Kaija is a lead chocolate maker at the Valencia Factory in San Francisco. In February 2018 she lived in Tokyo for a month as part of the DCJ (Dandelion Chocolate Japan) and DCA (Dandelion Chocolate America) employee exchange program. She loves making chocolate, exploring new places, and, of course, eating good food.
Why does Dandelion have an employee exchange program?
Todd, one of our founders, used to do a lot of exchanges when he was growing up (Mexico, Russia) and he learned so much from those experiences. He wants to offer cross-team learning as well as exposure to different culinary palates and team processes.
What were your first impressions of life in Japan?
I was amazed at how clean and quiet the trains and subway stations were! Traveling around was a treat.
What was hard about your life there?
The height difference was my biggest challenge. I’m 5’11, and I felt like a giant by Japanese standards. At work we had to make a few modifications so I could work comfortably.
What else was unexpected?
Communication and transportation were surprisingly easy. People were super nice and helpful and the transportation system was easy to navigate.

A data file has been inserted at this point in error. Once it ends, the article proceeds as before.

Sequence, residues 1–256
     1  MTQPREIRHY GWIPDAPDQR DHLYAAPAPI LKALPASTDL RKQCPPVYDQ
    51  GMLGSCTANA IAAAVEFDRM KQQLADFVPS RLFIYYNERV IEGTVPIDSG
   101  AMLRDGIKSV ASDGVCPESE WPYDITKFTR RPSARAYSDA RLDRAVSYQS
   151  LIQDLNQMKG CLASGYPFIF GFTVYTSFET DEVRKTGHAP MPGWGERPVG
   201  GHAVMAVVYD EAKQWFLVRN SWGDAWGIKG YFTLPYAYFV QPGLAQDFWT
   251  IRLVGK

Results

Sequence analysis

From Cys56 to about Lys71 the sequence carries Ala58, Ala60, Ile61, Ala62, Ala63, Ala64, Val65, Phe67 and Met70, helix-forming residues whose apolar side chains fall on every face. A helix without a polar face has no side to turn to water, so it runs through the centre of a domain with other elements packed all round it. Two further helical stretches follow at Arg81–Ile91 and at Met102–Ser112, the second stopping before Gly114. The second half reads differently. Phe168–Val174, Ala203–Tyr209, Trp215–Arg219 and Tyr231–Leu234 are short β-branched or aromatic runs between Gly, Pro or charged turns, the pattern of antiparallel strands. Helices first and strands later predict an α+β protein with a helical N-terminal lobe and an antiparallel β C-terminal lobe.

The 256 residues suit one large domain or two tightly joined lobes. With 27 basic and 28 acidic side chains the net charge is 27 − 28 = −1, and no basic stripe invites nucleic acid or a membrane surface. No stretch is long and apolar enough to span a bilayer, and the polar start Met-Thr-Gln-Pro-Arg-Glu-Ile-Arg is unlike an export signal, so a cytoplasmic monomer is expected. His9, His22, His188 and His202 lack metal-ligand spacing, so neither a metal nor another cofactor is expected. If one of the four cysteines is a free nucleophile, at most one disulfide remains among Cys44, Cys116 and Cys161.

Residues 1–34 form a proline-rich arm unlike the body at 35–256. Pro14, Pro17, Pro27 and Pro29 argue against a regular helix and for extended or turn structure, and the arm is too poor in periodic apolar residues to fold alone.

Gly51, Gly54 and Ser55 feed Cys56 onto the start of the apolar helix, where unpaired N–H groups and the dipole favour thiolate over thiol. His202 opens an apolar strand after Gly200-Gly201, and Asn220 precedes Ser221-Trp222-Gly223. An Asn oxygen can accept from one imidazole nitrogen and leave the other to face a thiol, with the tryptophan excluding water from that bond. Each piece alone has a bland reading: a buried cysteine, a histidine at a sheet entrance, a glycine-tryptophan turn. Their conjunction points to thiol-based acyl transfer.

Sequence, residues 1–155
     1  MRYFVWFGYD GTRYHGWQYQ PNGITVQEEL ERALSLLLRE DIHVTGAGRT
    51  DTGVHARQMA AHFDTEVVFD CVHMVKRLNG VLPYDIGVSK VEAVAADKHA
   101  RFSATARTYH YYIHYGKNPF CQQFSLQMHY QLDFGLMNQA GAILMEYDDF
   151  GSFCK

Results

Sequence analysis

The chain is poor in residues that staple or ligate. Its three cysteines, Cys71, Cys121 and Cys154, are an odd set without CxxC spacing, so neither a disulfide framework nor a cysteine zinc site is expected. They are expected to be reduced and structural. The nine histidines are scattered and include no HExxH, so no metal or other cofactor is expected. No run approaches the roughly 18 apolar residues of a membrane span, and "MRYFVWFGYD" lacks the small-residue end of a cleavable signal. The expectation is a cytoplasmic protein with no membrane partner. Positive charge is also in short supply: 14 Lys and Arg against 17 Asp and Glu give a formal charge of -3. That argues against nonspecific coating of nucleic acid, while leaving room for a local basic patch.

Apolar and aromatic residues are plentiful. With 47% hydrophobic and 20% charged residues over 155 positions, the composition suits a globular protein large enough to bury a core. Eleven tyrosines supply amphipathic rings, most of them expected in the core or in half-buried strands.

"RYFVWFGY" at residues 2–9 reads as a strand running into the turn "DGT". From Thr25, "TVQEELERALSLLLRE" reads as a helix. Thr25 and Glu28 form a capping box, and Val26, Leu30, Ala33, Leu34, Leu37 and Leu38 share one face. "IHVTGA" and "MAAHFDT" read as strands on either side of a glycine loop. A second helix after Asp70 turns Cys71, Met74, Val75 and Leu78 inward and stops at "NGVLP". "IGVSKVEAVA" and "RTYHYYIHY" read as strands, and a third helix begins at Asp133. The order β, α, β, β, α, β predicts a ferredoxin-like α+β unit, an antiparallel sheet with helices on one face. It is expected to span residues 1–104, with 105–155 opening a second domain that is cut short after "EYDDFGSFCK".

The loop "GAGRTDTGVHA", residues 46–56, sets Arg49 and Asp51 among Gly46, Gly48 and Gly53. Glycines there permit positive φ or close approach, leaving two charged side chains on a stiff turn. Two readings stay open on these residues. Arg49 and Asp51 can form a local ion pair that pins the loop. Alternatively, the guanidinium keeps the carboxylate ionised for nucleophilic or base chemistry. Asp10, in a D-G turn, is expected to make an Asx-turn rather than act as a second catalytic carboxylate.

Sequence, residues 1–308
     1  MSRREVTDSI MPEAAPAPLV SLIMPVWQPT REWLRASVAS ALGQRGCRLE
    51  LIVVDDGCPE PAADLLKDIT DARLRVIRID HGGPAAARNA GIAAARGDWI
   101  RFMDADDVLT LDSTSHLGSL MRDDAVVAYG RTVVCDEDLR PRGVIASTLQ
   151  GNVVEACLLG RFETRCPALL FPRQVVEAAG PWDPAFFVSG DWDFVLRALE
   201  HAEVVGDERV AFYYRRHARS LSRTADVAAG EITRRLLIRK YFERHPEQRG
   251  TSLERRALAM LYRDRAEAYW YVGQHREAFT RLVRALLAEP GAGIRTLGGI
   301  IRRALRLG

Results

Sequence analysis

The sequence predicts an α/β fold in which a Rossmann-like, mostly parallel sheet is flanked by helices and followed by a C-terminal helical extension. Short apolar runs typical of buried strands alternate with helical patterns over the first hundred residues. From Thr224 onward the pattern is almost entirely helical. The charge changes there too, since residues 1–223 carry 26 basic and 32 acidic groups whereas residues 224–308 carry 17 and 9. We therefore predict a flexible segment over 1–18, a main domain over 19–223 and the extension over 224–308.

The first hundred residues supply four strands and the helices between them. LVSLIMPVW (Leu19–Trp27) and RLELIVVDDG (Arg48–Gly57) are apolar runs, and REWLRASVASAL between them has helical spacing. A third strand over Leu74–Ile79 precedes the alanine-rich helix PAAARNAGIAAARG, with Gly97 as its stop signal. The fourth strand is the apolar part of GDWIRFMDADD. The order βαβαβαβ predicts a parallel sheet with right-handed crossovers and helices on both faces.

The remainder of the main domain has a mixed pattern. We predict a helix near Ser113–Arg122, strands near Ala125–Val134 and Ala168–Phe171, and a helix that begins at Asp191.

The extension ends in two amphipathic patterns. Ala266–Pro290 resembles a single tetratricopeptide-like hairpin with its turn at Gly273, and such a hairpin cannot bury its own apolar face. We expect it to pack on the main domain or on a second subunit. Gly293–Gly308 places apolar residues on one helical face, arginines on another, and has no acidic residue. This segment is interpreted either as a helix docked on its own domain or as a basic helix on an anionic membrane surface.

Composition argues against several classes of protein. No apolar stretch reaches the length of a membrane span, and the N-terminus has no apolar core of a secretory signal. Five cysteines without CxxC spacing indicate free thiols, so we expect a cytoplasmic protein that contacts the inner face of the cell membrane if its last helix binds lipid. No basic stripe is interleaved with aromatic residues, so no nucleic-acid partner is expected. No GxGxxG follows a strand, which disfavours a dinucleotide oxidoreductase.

How was your job in Japan similar to the work you do as a chocolate maker on Valencia Street?
It was still making chocolate the Dandelion way. It was the same process, values, and team spirit. Everyone puts 110% into their work and everyone loves what they do.
How was the work different?
DCJ works with smaller quantities of cocoa beans at a time than DCA. There is also a different flavor preference for how the chocolate should taste. In the Dandelion Chocolate Japan bars, they like the chocolate to have more sour and fermented notes. We also tend to have different reference points for flavor. For example, when we taste espresso, they often taste tea.
What were some highlights of the trip?
Getting to work with the DCJ chocolate makers was such a treat as well as getting to meet other makers at the Craft Chocolate Market, an event hosted by Dandelion that gathers craft chocolate makers from all over the world. We also traveled to Kamakura, Ise, Osaka, and Kyoto and tasted samples from a variety of Japanese confectionaries, bean-to-bar makers, and bakeries. I also saw my first real, growing cacao tree at the Kyoto Botanical Gardens!
Was there a lowlight of the trip?
A few coworkers and I had horse sashimi at an izakaya in Tokyo. Everyone else loved it but it was probably the only thing that I ate in Japan that I didn’t enjoy.
Would you do it again?
Absolutely! It was super inspiring to work with chocolate makers all the way on the other side of the globe. I can’t wait for my next chocolate adventure!